shared courtesy of The Columbus Dispatch
Ohio- Disability service providers throughout the state have struggled under operational extremes since the COVID-19 pandemic struck, facing overwhelming needs on the residential front but diminished demand for adult-day programs and transportation.
People with developmental disabilities, like everyone else, have hunkered down.
But more time at home means more at-home support. And less participation in the so-called day programs that offer employment, recreation and other activities.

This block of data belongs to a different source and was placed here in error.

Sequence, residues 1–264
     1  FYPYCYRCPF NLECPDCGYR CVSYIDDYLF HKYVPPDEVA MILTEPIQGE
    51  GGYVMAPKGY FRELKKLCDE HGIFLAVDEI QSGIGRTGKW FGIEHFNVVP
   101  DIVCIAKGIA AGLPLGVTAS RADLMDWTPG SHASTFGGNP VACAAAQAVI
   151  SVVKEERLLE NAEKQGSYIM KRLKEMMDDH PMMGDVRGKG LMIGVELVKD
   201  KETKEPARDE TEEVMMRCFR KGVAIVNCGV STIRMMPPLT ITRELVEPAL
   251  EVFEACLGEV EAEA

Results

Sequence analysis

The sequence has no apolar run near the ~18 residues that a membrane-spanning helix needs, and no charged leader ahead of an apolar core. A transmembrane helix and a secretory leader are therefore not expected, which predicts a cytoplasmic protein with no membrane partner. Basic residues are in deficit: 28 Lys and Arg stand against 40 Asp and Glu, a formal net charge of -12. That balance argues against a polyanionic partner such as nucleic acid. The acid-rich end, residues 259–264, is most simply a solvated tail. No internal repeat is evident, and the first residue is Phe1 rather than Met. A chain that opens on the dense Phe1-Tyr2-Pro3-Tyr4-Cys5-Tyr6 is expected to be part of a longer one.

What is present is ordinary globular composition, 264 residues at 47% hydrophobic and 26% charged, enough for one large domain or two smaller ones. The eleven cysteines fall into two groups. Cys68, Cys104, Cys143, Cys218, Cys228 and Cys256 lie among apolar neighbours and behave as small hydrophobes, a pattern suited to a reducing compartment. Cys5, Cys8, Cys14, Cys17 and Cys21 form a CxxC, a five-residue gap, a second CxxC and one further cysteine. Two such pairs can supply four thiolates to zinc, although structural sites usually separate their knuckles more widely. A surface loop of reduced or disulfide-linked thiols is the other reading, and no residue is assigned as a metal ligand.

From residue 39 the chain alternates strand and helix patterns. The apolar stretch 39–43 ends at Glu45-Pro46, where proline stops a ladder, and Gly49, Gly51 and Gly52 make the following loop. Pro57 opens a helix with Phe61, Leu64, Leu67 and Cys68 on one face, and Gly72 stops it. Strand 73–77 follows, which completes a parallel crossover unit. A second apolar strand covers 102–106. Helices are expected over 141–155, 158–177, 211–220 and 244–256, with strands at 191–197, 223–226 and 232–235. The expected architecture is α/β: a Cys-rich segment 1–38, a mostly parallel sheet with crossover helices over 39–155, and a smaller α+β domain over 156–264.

“Like in any crisis, you rally and meet the coming obstacle,” said Mark Schlater of Toward Independence, a large disability-services organization in southwestern Ohio. “We’re proud of our staff. But they’re tired. They need a break. We cover 25% more hours with less or equal the staff we had in February.”
The shifting demands generated by the pandemic have been especially difficult for a low-wage industry that was suffering a workforce shortage long before the virus emerged.